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Holloway: Do not break the bank for Damon
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Brent Holloway is the sports editor for The Times. Contact him at
If you’ve been paying attention this week, you’ve no doubt heard that the Atlanta Braves are pursuing free agent outfielder Johnny Damon.

The consensus among fans seems to be that Damon is a must-have addition.

I don’t think it’s quite that simple, but the pursuit will be telling of how the Braves truly feel about their chances in 2010.

So far, general manager Frank Wren is putting up a take-it-or-leave-it front to Damon and his agent, Scott Boras. He’s said the
Braves improved during the offseason, but it’s hard to figure exactly how since the team’s best pitcher in 2009, Javier Vazquez, was traded to the Yankees for prospects and a part-time outfielder.

The Braves’ other marquee acquisition — if you can call it that — was oft-injured, erstwhile slugger Troy Glaus.

Regardless of what Wren says, it’s hard to believe he doesn’t know that this is a middling team, at least in 2010. That’s not to
say the Braves have no hope this year. If their patchwork foundation holds together through May, and Wren can sew the holes
tight through trades, this might even be the team that breaks the four-year postseason drought.

But if the Braves are serious about contending on opening day, you’ll know because they’ll chase Damon a little more doggedly.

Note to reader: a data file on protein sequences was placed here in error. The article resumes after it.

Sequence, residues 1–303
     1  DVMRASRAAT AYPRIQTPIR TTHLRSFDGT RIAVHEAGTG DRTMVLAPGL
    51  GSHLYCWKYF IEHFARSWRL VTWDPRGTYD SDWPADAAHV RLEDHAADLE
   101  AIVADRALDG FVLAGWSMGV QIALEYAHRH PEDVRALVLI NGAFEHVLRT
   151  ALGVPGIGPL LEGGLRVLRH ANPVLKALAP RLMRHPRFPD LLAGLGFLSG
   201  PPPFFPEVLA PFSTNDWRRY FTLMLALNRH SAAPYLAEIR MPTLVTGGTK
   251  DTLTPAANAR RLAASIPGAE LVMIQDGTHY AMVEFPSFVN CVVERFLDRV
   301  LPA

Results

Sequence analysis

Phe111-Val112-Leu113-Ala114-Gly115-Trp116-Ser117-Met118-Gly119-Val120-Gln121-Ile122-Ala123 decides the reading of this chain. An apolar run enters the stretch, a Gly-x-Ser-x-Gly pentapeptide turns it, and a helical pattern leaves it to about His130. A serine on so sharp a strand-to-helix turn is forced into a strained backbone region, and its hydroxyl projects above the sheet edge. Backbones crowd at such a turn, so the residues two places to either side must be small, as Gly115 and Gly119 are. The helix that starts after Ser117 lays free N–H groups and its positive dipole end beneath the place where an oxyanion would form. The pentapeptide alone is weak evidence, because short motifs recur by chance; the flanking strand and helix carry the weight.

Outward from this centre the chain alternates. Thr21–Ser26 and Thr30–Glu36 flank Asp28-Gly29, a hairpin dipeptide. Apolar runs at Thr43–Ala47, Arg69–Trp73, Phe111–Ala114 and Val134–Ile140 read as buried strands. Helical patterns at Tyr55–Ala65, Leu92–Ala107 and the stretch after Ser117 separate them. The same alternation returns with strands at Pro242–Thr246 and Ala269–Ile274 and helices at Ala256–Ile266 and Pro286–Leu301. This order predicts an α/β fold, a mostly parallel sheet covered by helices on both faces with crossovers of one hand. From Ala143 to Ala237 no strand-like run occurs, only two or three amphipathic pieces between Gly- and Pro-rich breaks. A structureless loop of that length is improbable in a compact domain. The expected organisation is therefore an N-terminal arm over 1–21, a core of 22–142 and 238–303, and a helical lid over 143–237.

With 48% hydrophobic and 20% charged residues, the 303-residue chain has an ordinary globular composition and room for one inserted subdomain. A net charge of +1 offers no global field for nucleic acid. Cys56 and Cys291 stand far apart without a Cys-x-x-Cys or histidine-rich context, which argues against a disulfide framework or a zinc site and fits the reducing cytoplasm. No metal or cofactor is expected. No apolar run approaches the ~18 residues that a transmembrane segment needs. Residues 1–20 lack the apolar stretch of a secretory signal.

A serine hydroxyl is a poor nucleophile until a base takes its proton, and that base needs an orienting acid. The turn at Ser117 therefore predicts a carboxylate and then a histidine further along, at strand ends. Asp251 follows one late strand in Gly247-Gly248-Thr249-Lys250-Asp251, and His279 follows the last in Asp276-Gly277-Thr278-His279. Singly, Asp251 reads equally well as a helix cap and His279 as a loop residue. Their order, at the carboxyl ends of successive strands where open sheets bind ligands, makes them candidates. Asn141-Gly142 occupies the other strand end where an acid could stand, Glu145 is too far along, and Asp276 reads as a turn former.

If the terms are right, meaning a one-year deal, there’s little doubt Damon would be a wise acquisition. And that’s what most published reports have the Braves offering: one-year, $5 million. That’s a bargain for a player still in possession of Damon’s blend of power, speed and top-of-the-lineup savvy.

Last season in New York, he posted career-best in home runs (24) and RBIs (82). True, the hitter-friendly confines of the New
Yankee Stadium had something to do with that, but even on the road, his numbers put him on pace for 14 home runs, a .282 batting average and a solid on-base percentage.

Detractors are quick to point out the famously bad arm that earned Damon the reputation for looking like Jesus and throwing like Mary during his tenure with the Red Sox. True, he can’t throw, but advanced fielding statistics show that he can still cover enough ground to remain, at worst, an average left fielder.

Put simply, he’d be an improvement for the Braves at the top of the lineup, and he couldn’t be any worse in the field than that season-long defensive charade we were exposed last season in left.

But is he worth the two-year deal Boras is demanding?

Here’s where it gets tricky.

Throughout the offseason, Wren’s moves have seemed to be geared toward freeing up money and creating a winner in 2011.

He passed on Adam Laroche in favor of Glaus in order to avoid a multi-year deal. To save money, he opted to re-sign Tim
Hudson and trade away Vazquez. Both Billy Wagner and Takashi Saito were signed to one-year deals.

All of which puts the Braves in position for an overhaul — or a tweaking, if that’s all that’s needed — in 2011. By then Freddy
Freeman should be ready to assume first-base duties, Jason Heyward could be the National League Rookie of the Year, and Tommy Hanson and Jair Jurrjens could be one of the best one-two pitching combos in the league.

And lots of money will be coming off the Braves’ books. Money Wren can use to craft a team built for the long haul.
Isn’t that preferrable to scrambling to turn an 84-win team into 90-win team year after year?

So if the Braves let Damon walk without upping their offer, even at the expense of 2010, they’ll be doing it with an eye toward the future. Which, depending on how you feel about their chances this year, may or may not be a sin.

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